3.2. Adsorption Performance

The adsorption efficiency of GO-SH was examined at an initial Hg(II) concentration of 10 mg/L. As shown in Figure 3a, the removal efficiency of Hg(II) by GO-SH was 98.7% within 36 h, which was considerably higher than its removal efficiency of 52.8% in GO, suggesting that the use of thiol-modified graphene oxide as an adsorption material considerably improves Hg(II) removal efficiency. As shown in Figure 3b, the trends of the two adsorption curves are similar, and the entire adsorption process consists of two stages, namely, an initial fast adsorption process and a late slow equilibrium process. In the initial stage, the adsorption capacity of Hg(II) on GO and GO-SH increased rapidly within the first 4 h. After this fast adsorption phase, the rate of adsorption slowed down and no further increase in adsorption capacity was detected after 6 h. The equilibrium adsorption capacities of Hg(II) by GO and GO-SH were 26.48 mg/g and 49.68 mg/g, respectively, indicating that the adsorption performance of GO-SH is better than that of GO. To determine the adsorption effect of GO-SH on Hg(II), we compared the Hg(II) adsorption performance of GO-SH to that of other advanced carbon-based adsorbents (Table 1). The results revealed that GO-SH has a good adsorption performance compared to the other materials [15,19,20,21]. In fact, some pure carbon materials, such as ACs and GOs, only exhibit a low capacity for heavy metal ions adsorption owing to their abundant porosity and high physical adsorption surface area [19]. Therefore, in order to improve their adsorption capacity, the adsorbents need to be modified. Collectively, these results indicate that GO-SH prepared in this study is undoubtedly a good candidate.

3.3. Adsorption Kinetics

The adsorption kinetics can offer crucial information for studying the mechanism of Hg(II) adsorption by GO-SH, which is the necessary condition for determining the adsorption behavior of GO-SH. Therefore, in order to better illustrate the removal process of Hg(II) by GO and GO-SH, the obtained experimental results were fitted using pseudo-first-order kinetics and pseudo-second-order kinetic models. In Figure 3b, the fitting result of the pseudo-second-order kinetic model (R2 = 0.991) for GO-SH was better than that of the pseudo-first-order kinetic model (R2 = 0.988), and the rate constant k2 was 0.05 h−1. The pseudo-first-order kinetic model for GO, however, had a better fitting result (R2 > 0.99) than the pseudo-second-order kinetic model, and the rate constant k1 was 1.08 h−1. This indicates that the removal of Hg(II) by GO is primarily caused by the physical adsorption under electrostatic action, whereas the rate-limiting process of Hg(II) removal by GO-SH is a chemical process.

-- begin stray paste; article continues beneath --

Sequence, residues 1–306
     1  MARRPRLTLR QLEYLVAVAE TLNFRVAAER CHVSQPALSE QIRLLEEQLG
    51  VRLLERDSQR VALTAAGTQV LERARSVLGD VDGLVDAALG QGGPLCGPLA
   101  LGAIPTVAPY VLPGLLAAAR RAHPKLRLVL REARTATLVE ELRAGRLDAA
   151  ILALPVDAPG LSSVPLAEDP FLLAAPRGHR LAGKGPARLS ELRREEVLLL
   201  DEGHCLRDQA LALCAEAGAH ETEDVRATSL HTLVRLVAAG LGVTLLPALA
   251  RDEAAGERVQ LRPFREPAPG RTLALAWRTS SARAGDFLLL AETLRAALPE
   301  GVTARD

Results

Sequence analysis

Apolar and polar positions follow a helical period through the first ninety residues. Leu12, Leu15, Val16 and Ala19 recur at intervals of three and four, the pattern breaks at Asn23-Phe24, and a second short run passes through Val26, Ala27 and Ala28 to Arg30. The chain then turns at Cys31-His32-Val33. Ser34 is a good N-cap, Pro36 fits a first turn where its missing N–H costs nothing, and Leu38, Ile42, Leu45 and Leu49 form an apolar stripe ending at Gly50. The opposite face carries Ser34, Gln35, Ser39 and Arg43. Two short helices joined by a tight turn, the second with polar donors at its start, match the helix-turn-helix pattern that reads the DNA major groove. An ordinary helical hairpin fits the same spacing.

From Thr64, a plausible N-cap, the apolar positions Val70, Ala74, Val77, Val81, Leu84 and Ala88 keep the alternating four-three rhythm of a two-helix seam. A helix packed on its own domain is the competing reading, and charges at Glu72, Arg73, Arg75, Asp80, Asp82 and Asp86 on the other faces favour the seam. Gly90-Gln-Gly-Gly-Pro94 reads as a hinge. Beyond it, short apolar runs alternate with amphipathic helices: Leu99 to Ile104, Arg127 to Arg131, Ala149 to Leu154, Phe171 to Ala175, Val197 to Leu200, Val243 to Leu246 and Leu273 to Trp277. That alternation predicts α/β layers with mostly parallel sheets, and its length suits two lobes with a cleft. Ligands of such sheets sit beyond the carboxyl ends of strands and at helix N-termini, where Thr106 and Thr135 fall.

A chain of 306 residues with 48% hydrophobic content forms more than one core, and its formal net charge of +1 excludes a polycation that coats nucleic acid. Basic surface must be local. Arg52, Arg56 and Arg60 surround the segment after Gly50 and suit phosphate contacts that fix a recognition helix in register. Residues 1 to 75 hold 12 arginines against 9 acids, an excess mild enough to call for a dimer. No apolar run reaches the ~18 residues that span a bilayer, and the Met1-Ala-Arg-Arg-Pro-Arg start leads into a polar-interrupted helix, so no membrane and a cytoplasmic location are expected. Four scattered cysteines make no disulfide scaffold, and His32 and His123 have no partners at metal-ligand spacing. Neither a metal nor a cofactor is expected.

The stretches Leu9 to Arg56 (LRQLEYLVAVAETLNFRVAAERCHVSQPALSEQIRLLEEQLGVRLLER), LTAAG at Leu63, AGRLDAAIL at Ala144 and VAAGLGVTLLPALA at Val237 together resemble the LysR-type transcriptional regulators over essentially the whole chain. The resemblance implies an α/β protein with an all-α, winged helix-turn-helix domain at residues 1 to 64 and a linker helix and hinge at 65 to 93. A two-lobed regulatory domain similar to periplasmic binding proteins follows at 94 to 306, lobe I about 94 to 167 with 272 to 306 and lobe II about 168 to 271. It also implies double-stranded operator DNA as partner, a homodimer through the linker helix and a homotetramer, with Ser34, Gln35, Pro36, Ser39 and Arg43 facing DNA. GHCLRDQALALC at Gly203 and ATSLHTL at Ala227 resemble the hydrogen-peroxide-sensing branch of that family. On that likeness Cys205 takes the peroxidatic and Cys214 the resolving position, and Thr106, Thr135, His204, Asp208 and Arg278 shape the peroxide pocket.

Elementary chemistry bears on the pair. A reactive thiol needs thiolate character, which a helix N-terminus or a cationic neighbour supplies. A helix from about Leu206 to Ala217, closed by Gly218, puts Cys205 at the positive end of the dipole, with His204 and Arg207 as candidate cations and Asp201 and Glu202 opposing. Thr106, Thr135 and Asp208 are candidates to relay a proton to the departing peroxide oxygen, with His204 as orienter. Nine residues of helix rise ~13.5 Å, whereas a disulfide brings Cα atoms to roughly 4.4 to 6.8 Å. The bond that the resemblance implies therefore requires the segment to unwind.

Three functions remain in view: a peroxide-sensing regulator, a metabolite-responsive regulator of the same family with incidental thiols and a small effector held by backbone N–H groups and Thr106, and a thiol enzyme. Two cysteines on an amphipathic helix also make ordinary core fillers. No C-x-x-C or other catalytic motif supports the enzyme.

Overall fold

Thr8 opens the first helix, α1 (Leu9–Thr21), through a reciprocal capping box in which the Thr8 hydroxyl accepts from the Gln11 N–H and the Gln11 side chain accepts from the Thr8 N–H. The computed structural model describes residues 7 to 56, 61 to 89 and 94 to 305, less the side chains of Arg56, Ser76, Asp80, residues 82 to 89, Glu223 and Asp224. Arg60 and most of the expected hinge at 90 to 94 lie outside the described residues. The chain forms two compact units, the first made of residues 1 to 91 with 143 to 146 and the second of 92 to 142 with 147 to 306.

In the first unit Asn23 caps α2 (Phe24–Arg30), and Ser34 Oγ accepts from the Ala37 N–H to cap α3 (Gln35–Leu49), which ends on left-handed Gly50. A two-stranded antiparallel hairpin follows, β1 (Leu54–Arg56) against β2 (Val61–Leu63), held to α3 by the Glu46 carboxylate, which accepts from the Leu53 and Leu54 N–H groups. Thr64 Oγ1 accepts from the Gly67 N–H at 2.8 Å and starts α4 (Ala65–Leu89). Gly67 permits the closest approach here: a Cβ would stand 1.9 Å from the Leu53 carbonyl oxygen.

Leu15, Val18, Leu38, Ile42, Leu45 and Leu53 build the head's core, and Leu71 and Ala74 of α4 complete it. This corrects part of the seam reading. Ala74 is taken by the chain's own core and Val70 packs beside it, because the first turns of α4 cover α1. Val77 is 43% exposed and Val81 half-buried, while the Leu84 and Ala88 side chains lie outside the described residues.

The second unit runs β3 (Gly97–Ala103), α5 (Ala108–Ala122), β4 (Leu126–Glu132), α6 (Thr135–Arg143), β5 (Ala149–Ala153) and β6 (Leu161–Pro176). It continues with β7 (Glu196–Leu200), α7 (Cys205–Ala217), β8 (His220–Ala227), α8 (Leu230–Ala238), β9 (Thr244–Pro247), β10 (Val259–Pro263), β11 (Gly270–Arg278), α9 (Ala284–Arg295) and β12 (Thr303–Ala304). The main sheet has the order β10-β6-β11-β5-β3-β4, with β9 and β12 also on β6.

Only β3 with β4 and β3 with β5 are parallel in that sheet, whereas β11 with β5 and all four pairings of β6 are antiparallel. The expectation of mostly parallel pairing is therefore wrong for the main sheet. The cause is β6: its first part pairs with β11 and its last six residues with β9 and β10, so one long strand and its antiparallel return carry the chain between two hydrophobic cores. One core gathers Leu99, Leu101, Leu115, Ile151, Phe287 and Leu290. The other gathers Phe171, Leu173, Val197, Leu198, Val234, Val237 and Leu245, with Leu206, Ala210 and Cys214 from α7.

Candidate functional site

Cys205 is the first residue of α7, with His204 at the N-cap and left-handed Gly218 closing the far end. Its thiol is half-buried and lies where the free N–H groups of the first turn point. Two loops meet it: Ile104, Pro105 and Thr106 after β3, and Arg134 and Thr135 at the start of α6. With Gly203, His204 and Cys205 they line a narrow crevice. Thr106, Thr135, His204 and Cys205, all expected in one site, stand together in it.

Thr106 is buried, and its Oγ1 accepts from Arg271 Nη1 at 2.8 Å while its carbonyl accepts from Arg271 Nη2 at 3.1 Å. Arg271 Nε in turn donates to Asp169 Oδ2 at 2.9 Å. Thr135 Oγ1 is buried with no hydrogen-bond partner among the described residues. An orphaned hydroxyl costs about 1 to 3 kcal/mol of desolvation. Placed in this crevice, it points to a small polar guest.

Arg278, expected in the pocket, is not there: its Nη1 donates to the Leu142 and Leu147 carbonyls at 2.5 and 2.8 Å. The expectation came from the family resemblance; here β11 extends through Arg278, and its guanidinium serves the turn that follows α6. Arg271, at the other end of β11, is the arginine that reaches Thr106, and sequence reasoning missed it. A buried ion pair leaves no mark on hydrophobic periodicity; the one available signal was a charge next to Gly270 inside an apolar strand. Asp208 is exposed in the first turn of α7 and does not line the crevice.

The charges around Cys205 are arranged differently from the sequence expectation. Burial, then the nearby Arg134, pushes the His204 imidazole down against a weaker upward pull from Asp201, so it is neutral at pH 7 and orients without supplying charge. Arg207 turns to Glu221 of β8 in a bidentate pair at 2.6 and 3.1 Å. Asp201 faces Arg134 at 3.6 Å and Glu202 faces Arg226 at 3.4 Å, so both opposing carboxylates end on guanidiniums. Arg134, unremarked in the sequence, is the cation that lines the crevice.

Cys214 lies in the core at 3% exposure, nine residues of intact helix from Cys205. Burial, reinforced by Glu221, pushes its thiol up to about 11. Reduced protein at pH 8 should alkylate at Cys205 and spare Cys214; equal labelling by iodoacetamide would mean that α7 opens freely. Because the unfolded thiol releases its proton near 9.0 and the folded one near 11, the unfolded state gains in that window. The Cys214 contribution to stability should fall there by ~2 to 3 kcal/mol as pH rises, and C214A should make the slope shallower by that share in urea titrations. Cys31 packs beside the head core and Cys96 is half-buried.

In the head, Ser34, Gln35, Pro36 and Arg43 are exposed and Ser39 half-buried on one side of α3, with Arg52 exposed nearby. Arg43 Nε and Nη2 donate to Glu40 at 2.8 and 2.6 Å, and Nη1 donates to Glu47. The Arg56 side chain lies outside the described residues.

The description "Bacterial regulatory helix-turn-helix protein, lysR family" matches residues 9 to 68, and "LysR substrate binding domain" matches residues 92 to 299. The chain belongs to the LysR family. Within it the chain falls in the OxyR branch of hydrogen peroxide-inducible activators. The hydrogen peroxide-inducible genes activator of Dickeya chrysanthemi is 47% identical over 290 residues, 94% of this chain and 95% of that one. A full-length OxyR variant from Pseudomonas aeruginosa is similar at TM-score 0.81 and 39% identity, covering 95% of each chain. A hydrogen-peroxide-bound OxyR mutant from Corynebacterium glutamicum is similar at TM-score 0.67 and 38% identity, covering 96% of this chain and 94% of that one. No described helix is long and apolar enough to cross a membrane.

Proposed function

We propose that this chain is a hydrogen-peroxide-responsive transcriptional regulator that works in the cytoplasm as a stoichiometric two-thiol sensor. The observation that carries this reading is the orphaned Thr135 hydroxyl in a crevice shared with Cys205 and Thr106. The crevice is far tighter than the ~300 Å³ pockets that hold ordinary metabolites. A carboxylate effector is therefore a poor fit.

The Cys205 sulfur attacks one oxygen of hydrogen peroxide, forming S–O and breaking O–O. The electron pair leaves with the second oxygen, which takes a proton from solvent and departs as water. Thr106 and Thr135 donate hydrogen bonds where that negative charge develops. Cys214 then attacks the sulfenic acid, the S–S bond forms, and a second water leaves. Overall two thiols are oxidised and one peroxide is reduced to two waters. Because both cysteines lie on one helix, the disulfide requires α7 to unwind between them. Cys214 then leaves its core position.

Although the pseudo-second-order kinetic model successfully described the adsorption process of Hg(II) by GO-SH, the identification of the adsorption process as a one-step binding process was limited in accuracy [22]. The intraparticle diffusion model can provide more detailed information on the adsorption rate control procedure by organizing the adsorption process into stages [23]. Figure 3c presents the relationship between qt and t1/2 based on the intraparticle diffusion model. The figure clearly shows three linear parts, and this multiple linearity further indicates the complexity of the adsorption process. The quick adsorption step, which made up the first linear stage, may have been brought on by Hg(II) migration from the solution to the outer surface of the GO-SH. Moreover, chemical adsorption also occurs in this stage. The slow adsorption procedure, in which intraparticle diffusion in the pore structure regulates the adsorption rate, made up the second linear component. The third stage was the final equilibration stage, in which Hg(II) diffused slowly from larger pores to smaller pores. In addition, the rate constants of the different adsorption stages obtained by the intraparticle diffusion model were k1 (37.86 mg/g h−1/2) > k2 (3.93 mg/g h−1/2) > k3 (0.26 mg/g h−1/2), indicating that the adsorption rate is the highest in the first stage and lowest in the third stage. In other words, the external adsorption rate of the adsorbent exceeded its internal adsorption rate. If the fitted line crosses the origin, the diffusion within the particle is the only rate-controlling process; otherwise, the external mass transfer process controls the adsorption rate to a certain extent [24]. In our study, the fitting results indicated that only the first stage traverses the origin, whereas the subsequent stages do not. Therefore, it can be concluded that in addition to chemical nonequilibrium, intraparticle diffusion also participates in the Hg(II) adsorption process.

3.4. Adsorption Isotherms